Seek Impact and Scale: USAID will place strong emphasis
on the potential of a country program to realize signifi Define Donor Division of Labor: USAID will consider the
cant reform, achieve rapid results, lead to broadbased presence, orientation, and results of other bilateral and
impact, or be taken to national scale from local or multilateral donors in each country where USAID educa
regional levels. Absolutely essential to attribution of cred tion investments are proposed to understand
ible achievement is an assessment of the countrys comparative advantage, identify opportunities for com
capacity and commitment to drive such impact and scale. plementarity, and avoid duplication.
Such assessment should involve the full range of parties
with an interest in or means to impact that capacity and
commitment, including the private sector.


FOCUS: USAID will ensure greater education program focus sions must approach direct assistance and other local capacity
within countries according to the country context, in support building mechanisms with care and with a commitment to risk
of strategic goals, and in search of the highest potential for assessment and mitigation.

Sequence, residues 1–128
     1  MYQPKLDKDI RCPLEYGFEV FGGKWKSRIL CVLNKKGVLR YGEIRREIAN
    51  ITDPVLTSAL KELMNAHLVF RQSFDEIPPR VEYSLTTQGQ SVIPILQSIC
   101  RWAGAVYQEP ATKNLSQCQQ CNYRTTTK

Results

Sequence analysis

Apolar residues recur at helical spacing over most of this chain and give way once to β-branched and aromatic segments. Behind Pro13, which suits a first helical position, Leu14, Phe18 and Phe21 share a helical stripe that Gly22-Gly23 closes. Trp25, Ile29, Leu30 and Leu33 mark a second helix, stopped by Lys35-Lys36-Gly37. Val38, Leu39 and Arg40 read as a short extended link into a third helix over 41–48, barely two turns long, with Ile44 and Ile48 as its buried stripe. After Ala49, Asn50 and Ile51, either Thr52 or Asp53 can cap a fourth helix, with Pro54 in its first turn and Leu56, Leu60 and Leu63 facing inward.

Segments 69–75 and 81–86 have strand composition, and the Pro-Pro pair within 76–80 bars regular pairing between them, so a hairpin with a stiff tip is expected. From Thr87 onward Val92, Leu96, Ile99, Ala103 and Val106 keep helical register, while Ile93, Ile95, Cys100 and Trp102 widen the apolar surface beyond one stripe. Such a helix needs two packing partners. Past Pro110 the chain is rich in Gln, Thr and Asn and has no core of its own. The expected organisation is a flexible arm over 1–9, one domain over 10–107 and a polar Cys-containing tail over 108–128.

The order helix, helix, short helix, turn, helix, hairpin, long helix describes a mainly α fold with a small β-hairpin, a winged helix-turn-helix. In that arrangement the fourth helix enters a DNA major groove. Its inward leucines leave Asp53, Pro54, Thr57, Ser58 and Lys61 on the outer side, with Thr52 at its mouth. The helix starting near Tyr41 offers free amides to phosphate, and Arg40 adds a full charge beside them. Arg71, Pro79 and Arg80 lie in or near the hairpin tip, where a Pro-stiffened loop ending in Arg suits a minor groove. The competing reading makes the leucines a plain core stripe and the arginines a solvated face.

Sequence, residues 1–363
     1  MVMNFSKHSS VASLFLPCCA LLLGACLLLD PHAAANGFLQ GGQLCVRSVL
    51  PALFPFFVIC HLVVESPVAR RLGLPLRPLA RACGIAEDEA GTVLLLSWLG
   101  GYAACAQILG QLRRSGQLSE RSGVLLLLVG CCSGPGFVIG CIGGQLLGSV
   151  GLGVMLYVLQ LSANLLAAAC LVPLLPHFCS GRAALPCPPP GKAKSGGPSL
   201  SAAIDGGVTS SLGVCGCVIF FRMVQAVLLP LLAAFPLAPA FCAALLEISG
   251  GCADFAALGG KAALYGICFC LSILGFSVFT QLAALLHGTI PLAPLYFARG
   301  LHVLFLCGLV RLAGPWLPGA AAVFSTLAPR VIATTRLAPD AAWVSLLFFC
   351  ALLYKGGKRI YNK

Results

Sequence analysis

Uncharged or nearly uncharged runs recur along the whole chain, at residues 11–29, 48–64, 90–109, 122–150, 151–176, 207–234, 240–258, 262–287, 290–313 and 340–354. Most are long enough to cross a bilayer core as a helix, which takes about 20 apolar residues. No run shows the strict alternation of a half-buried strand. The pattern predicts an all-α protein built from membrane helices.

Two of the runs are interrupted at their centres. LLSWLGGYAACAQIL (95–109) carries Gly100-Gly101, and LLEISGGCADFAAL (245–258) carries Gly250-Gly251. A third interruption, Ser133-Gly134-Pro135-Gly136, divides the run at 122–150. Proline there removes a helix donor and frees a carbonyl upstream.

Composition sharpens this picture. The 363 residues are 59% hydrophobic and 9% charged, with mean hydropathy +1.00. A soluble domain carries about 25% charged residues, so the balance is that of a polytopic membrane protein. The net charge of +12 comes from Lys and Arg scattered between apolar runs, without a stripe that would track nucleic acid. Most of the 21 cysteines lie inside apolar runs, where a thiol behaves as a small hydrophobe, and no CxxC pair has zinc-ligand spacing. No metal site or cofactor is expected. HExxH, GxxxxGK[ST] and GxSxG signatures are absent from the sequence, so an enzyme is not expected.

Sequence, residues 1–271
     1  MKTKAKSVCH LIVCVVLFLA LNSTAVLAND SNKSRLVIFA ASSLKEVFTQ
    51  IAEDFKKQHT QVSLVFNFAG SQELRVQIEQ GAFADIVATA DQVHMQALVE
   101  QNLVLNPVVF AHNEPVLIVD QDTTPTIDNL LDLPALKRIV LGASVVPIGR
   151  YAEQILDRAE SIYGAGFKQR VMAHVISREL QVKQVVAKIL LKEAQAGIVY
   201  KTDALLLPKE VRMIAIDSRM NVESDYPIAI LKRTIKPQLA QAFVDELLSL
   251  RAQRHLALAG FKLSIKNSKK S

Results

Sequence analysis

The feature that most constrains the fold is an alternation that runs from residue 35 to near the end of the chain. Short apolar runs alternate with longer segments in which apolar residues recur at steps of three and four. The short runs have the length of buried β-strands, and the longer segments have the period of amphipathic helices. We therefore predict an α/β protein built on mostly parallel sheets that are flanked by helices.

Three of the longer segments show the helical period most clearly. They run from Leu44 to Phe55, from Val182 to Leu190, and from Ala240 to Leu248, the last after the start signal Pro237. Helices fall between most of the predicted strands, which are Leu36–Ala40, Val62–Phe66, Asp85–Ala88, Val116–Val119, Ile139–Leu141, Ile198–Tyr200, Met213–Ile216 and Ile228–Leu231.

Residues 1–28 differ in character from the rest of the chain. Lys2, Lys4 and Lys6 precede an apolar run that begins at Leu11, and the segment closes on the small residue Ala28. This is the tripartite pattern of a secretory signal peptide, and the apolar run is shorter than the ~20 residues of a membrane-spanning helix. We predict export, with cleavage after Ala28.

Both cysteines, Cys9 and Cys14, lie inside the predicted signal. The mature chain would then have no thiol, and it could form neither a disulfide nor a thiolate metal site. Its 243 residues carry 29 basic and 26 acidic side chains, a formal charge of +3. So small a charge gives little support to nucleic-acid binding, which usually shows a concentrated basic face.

results. For example:
Instable, wellperforming countries with unmet needs in todays multistakeholder development landscape that USAID
basic education, the priority focus will be on assuring place greater priority on communication, collaboration, and
learning outcomes for primary grade children, especially coordination with donors, host country governments, and
in reading. other incountry partners including the business community to
coordinate priorities and drive to a deliberate division of labor
countries with high potential for rapid economic growth in the sector. Ideally, this should derive from strong country
and increased integration with the global economy, the pri ownership of a national education plan and country leadership
ority focus will be on tertiary education that generates of the donor community. Absent this, USAID will coordinate
the human capacity and workforce skills needed for the with bilateral donors, multilateral banks, and other international
organizations to maximize allocation of donor talent and